Wednesday, April 07, 2010

pope benedict xv and judaism

Wikipedia | The relations between Pope Benedict XV and Judaism were marked by two significant historical events : the emigration of Eastern European Jewish communities due to the Great War and to pogroms, and the development of Zionism in the Middle East and its effects on local Levantine, Greek-Catholic and Arab Christian communities.

Requests in favour of Polish Jews
In 1916, in the midst of the First World War, American Jews petitioned Pope Benedict XV on behalf of the Polish Jews. To this the pontiff responded in a private letter, also published in the Jesuit journal "Civilta Cattolica", denouncing antisemitism:
The Supreme Pontiff.... as Head of the Catholic Church, which, faithful to its divine doctrines and its most glorious traditions, considers all men as brothers and teaches them to love one another, he never ceases to indicate among individuals, as well as among peoples, the observance of the principles of the natural law, and to condemn everything that violates them. This law must be observed and respected in the case of the children of Israel, as well as of all others, because it would not be conformable to justice or to religion itself to derogate from it solely on account of divergence of religious confessions.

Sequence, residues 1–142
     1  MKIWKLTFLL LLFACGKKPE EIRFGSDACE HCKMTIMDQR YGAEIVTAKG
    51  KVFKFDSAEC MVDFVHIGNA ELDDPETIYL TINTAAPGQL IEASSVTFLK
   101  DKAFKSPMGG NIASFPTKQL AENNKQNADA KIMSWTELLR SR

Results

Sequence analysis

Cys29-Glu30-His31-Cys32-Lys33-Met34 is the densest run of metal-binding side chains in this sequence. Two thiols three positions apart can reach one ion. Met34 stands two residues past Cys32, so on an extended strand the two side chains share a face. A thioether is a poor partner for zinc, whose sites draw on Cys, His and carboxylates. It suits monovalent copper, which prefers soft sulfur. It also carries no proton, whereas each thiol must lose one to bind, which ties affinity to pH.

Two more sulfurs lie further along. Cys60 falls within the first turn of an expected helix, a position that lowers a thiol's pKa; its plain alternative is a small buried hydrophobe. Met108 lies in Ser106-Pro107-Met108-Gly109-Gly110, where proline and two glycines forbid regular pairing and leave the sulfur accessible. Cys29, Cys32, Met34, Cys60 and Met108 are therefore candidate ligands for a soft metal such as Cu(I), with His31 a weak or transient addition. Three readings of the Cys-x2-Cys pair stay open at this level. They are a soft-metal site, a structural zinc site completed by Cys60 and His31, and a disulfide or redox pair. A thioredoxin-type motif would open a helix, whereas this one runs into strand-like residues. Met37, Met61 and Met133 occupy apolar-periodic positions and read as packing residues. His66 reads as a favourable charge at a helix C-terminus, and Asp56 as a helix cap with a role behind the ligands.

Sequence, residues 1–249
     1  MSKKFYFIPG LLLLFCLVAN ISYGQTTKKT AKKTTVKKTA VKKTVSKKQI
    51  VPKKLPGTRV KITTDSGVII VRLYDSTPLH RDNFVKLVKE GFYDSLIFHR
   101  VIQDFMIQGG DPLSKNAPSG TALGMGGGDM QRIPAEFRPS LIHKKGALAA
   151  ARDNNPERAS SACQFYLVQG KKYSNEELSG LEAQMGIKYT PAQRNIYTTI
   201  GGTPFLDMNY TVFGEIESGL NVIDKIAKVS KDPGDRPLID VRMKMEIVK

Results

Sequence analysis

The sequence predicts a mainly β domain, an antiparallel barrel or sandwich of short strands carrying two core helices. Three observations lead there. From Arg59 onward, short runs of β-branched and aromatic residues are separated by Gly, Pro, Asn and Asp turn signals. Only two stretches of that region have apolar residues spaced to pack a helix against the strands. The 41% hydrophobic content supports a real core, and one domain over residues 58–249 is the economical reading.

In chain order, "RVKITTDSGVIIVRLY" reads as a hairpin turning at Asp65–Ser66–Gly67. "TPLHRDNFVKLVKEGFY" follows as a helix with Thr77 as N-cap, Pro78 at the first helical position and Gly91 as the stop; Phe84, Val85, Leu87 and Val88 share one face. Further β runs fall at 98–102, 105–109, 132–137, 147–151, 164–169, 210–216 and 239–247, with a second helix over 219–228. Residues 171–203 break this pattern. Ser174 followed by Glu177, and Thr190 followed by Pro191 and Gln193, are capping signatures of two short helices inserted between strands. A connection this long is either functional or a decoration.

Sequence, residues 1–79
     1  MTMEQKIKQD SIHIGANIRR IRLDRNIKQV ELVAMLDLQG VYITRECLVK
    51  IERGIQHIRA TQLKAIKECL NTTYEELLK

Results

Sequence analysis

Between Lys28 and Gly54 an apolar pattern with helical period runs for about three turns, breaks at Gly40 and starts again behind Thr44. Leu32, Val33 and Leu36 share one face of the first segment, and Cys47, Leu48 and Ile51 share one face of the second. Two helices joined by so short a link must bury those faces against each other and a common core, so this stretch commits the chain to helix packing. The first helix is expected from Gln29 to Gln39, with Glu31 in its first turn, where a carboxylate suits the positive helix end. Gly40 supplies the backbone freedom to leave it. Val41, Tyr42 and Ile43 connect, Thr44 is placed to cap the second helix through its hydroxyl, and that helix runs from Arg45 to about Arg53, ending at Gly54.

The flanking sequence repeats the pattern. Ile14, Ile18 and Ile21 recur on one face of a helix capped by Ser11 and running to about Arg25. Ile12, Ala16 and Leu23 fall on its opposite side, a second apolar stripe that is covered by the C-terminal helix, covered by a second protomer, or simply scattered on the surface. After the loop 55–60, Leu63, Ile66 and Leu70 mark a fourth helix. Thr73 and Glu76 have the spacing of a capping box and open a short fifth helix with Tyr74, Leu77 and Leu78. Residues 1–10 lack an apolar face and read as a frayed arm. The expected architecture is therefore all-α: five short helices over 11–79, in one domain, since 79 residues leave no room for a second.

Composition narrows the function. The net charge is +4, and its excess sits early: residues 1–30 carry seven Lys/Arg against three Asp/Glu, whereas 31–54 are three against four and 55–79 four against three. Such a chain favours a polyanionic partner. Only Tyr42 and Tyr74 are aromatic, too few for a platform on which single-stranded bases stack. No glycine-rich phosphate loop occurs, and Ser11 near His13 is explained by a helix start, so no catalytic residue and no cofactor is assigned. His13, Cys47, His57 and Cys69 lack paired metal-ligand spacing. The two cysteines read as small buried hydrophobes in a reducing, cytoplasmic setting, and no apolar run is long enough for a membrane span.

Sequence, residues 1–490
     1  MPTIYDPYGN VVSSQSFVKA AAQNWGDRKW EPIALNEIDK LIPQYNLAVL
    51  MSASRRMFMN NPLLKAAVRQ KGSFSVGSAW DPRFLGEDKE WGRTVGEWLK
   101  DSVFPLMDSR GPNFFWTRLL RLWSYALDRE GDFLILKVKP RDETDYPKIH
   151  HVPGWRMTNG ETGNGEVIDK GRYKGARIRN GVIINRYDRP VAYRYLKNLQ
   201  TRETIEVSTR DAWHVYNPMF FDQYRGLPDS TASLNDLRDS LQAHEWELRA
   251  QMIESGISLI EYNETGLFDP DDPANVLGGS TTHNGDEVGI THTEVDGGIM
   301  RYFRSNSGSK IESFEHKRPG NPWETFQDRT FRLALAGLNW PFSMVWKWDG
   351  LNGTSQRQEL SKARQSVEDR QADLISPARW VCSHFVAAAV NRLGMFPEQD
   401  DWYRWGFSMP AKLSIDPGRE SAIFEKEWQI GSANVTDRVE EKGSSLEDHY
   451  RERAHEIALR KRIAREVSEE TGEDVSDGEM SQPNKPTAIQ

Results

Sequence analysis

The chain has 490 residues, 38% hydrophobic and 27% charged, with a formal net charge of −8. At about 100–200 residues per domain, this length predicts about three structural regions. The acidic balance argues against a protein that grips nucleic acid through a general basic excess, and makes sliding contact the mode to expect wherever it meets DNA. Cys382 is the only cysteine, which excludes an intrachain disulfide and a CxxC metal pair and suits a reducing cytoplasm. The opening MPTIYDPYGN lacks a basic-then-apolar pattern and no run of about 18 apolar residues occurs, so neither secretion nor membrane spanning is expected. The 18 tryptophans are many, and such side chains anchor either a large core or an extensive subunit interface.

Effects of the letter
The letter had asked the Pope to exert his authority to halt the mistreatment of Jews throughout the world, in particular the pogroms on the Russian front. The Pope declined to do so since he said he had no way of confirming the facts claimed in the letter. The Pope's letter said nothing about equality in civil rights nor any rejection of social, political, or legal restrictions on Jews (so long as such restrictions did not violate natural law) that aimed at limiting “harmful” Jewish influences on society.